- at least, solid enough for me to ask "What's all this about a professor? What's all this about oral sex between Aslan and the Witch?" Them's my questions. There may be more depending on what the answers are.

And if you check out the Onion interview with Neil Gaiman, in which he says

quote:
Nobody's sued me. Some of it was trying to figure out how to craft the story so that C.S. Lewis' estate lawyer would say "I probably couldn't get an injunction against this. This is borderline, but you could probably get away with it." And I think that I probably did.


you'll see what I mean about "plausible deniability" too.

I'm here for some honest debate, insofar as that is possible without my having the source text available at present. I haven't read enough Gaiman to qualify as a fan - only "Good Omens" and a comic or two. In fact, only yesterday I stumbled across one of his titles in my local library - something about a 100,000-year-old angel called Angela, and unfortunately I've forgotten the name of the demon in the story, which is mighty embarrassing as it looked like the angel story was a spin-off from the regular arc; it was no more blameworthy than any other superhero comic, I found. So on the whole I have no axe to grind against him.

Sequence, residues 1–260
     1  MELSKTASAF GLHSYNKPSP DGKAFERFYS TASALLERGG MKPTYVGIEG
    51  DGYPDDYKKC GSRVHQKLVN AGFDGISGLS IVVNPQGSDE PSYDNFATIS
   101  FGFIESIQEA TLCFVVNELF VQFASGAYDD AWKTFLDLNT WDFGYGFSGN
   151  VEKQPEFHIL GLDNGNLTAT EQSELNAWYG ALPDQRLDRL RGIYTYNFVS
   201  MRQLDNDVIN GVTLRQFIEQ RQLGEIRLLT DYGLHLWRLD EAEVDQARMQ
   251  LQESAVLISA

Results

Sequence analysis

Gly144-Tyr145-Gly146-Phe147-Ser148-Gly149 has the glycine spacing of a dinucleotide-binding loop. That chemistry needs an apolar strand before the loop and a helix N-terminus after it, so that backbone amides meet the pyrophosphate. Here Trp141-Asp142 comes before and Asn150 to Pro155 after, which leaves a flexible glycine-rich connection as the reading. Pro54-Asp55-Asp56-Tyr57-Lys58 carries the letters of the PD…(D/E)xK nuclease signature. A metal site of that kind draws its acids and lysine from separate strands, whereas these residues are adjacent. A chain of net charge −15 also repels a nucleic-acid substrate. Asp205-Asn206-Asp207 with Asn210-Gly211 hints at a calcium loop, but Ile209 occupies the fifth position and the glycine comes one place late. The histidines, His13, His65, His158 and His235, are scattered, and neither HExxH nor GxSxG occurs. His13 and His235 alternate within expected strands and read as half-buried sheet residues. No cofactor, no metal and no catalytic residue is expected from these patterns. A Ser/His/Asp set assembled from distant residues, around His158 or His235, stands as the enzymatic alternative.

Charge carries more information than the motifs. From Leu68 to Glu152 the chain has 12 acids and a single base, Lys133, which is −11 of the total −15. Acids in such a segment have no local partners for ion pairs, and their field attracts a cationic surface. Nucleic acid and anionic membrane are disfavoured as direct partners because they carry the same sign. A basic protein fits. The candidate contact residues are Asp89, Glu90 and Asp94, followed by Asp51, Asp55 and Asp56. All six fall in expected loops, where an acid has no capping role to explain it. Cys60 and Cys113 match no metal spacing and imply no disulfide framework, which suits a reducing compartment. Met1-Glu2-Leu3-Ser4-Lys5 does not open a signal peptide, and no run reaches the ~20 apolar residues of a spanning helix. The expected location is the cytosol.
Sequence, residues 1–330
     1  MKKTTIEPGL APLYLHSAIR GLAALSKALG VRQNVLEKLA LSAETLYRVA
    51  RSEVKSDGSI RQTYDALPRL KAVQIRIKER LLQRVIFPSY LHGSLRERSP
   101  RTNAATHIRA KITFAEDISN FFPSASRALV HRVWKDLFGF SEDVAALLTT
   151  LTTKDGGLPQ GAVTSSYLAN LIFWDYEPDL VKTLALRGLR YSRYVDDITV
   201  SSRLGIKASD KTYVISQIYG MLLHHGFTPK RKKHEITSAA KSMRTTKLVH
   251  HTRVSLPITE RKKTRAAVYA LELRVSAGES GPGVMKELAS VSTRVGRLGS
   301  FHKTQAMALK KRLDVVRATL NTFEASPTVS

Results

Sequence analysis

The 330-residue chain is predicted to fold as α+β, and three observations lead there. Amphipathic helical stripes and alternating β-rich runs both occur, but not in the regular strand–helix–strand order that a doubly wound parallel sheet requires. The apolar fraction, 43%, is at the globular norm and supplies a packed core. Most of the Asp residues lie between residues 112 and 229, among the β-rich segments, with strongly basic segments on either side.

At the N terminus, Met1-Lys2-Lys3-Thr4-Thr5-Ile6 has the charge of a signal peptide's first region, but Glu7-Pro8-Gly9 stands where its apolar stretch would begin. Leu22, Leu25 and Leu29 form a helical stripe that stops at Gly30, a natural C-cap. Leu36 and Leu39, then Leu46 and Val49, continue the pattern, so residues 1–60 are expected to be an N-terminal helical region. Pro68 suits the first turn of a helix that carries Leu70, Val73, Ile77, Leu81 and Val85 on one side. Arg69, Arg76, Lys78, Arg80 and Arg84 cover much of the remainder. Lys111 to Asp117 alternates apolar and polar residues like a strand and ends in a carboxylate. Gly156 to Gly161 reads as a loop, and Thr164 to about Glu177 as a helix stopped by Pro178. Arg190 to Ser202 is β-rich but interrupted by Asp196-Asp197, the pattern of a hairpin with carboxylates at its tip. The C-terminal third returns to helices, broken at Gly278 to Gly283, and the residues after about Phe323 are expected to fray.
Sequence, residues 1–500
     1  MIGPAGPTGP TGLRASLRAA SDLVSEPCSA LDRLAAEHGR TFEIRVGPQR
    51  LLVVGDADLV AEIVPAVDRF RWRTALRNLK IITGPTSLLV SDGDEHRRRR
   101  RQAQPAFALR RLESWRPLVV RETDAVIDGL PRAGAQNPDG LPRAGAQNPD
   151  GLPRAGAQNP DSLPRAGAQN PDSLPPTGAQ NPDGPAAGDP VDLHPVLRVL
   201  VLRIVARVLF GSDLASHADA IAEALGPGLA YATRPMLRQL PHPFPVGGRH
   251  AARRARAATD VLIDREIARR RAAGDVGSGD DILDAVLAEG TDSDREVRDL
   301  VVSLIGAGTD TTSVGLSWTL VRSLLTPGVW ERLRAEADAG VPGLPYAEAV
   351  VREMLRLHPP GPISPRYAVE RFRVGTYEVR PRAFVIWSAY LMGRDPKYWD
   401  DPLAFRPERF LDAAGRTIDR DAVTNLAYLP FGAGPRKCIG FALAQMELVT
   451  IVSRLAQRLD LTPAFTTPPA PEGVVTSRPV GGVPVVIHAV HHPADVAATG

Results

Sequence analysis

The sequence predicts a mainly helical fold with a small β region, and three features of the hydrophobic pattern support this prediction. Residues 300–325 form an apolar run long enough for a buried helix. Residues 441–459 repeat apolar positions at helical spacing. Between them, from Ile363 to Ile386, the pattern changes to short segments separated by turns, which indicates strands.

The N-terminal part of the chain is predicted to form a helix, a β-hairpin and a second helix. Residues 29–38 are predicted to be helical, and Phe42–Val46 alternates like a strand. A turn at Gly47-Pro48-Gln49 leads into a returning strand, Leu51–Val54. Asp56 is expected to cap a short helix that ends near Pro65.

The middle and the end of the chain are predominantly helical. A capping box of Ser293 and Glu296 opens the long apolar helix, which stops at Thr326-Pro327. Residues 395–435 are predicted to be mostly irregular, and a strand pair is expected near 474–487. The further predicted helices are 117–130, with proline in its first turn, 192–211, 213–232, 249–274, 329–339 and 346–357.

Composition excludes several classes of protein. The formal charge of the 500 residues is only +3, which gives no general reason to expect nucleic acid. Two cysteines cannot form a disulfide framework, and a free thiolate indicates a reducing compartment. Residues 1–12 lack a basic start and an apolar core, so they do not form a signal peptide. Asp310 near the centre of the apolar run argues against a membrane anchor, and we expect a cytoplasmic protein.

Everyone and his brother's got a point of view about Susan <-- naked hyperbole. And I'd be interested to know more about Gaiman's take on it - and whether my vague suspicion (that in order to demonstrate that Susan is justified and Aslan is horrid, NG has been just a tad revisionist over Narnia) has any basis in fact. In the absence of an actual copy of the story to hand, this seems like a very good place to ask.

(Edited by Malacandra. Reason: Bloody quote syntax!! What's going on here? I can't fix it! Why not?)

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(fixed the quote syntax)


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AJGraeme
"Why are there ghosts in the kitchen punching each other in the balls?" - Aidan, "Being Human"
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- G.K. Chesterton

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Posts: 48708 | Location: Concord, NH, USA | Registered: July 20, 2001Reply With QuoteReport This Post
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Mr. Dweller Moderator Sir, I am sick at the moment and feeling even more stupid than normal, and I need your help. What is the proper board etiquette for quoting Mr. Gaiman's own works in a post (some pretty decently long sentences, not just words and bits of phrases)?

Many thanks,
grace

(Mal, depending on Dweller's answer, I will be getting to your post as soon as I can form coherent thoughts and quit coughing. Edit: Mal, did you read the entire Onion interview you linked to? That will answer some of your questions. I promise.)

This message has been edited. Last edited by: the madness of queen monk,


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"this whole blonde doctor situation has me mortified"
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and I don't normally advocate music I love, but go see www.myspace.com/umbrellatree and thank me later!